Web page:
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A journey through the Western Arthurs mountain range

A journey by paraglider Laurent Besnard through remote south western Tasmania in the Western Arthurs has only been achieved by two other pilots. The iconic mountain range has no roads leading to it and no infrastructure, only mountains, dense forest and buttongrass plains.

This incredible landscape offers stunning views with glacial tarns surrounded by jagged quartzite cliffs.

Laurent first took up the challenge in November 2017 and back then, no one from the Tasmanian paragliding community was aware of any flights conducted in the area. Living in Hobart for the last 11 years, it had been in the back of his mind to fly the Western Arthurs ever since he took up paragliding, back in 2015. Then in March this year, he decided to take on the challenge again.

The closest car park to the Western Arthurs is the Huon campground, which is a solid 4 hours of power walking through the Arthurs plains all the way to launch. The hike is a classic South West Tasmanian adventure, with the occasional knee-high mud pools, creek crossing and bloodthirsty leeches waiting for hikers to walk by.

Bombing out halfway down the range guarantees an overnight walk back.

“I personally love the feeling of landing in the middle of nowhere, walking for hours through those plains, and finally reaching a track. But for sure, one has to be comfortable in doing so,” said Laurent.

“It is a challenging place in many ways. However, the flying is mostly straightforward with thermals being in obvious locations and no real valley crossing.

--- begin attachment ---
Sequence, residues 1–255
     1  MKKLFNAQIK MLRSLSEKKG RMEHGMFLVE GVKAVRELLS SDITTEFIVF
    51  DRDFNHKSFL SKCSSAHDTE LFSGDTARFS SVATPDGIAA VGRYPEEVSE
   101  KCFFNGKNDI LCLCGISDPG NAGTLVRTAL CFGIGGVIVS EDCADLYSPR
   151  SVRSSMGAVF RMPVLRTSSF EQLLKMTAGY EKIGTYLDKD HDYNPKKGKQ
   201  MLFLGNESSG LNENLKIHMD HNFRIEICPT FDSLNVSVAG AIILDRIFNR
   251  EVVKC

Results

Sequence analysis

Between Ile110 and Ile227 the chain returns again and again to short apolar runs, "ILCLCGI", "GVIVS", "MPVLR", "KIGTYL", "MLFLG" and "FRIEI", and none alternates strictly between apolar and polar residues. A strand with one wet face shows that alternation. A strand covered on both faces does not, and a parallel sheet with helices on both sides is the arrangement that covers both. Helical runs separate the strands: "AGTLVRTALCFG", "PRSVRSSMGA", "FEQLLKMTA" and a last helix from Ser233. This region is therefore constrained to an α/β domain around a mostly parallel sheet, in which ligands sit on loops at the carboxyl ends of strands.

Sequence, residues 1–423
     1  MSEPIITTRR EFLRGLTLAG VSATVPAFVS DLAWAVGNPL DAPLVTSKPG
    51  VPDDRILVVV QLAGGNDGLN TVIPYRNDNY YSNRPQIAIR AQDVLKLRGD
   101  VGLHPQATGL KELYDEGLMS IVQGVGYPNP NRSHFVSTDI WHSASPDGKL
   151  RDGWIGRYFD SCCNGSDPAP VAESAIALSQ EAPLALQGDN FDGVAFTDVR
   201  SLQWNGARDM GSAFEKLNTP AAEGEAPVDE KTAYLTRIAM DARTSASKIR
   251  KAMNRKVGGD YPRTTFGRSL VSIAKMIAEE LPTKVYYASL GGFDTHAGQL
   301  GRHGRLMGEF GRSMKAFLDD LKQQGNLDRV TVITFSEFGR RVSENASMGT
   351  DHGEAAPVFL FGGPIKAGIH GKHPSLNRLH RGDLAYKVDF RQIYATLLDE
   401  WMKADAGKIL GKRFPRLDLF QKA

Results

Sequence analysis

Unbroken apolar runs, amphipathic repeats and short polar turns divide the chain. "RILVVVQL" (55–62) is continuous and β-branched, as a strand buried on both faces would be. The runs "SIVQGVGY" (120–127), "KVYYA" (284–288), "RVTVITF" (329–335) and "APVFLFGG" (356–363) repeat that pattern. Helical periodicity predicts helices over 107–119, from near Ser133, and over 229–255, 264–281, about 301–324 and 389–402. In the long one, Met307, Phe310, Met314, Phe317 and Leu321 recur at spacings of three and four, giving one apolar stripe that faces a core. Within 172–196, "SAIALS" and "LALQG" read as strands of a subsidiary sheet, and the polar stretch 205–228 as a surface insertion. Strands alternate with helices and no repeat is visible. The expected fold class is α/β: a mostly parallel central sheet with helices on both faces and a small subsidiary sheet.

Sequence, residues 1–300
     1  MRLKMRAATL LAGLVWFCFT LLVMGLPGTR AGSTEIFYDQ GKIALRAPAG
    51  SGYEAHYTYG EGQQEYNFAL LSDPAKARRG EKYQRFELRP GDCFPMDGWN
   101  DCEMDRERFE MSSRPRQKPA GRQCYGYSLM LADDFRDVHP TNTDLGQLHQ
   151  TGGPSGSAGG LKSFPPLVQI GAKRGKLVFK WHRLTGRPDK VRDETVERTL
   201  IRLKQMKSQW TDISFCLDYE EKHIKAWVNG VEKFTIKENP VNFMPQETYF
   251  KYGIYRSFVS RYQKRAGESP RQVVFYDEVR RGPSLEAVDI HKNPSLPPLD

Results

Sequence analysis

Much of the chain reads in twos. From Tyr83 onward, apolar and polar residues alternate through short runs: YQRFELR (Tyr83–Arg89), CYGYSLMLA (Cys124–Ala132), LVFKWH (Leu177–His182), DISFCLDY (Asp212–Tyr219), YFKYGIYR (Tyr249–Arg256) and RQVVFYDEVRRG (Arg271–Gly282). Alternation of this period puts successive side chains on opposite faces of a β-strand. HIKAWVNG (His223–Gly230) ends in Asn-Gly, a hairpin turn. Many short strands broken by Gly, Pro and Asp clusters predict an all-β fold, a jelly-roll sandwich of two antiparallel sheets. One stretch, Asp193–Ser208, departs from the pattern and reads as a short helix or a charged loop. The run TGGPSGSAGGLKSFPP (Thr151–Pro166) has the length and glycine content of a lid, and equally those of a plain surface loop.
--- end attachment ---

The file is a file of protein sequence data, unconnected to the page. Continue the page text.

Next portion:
“In my opinion, the less than ideal outcome would be, to throw the reserve directly above the range, being attacked by a wedgie, to land on “closed” buttongrass surrounded by very thick Tasmanian bush (in the worst-case scenario, the progress can be of 300m per hour). And landing at the other end of the range will lead to almost 2 days of hiking.”

For Laurent, the weather is by far the biggest challenge with Tasmania repeatedly getting hit with low pressure systems and the average yearly rainfall being 2510mm. But the day he decided to fly this year was just picture perfection.

“That day, the weather was absolutely perfect- a pristine blue day. I had never seen a forecast that good for the area before. Usually, by 2 pm the westerlies are settling in, making a return journey very compromised. This day, there was no wind in the vicinity until 4:30 pm, and then of course, it was back to “normal”, i.e. 15 knots +. This guaranteed me to fly the range and back, and back to my van,” he said. 

“In the morning, the whole Arthurs plains were foggy with amazing gold looking colours. By 10 a.m., to my excitement, cumulus were forming above all the peaks. When I was finally in the air by noon, there were barely any clouds and the inversion was finally above the range.

“I flew a bit over 2 hours, reached great heights of 1451 m (this is high for Tasmania) with views to Precipitous Bluff, the Southern Ocean, Melaleuca, the Frankland Range- flew with a Wedgie who gave me a thermal lesson.”

Would Laurent do this flight again, “any day” he says. The pain is worth the gain in his books.

“I only wish this was more often flyable, a few times a year is clearly not enough. From now on, I want to take the Arthurs as a quick launch access to fly to even more remote locations, but this is in the realm of dreams as of now.”

Watch his journey here.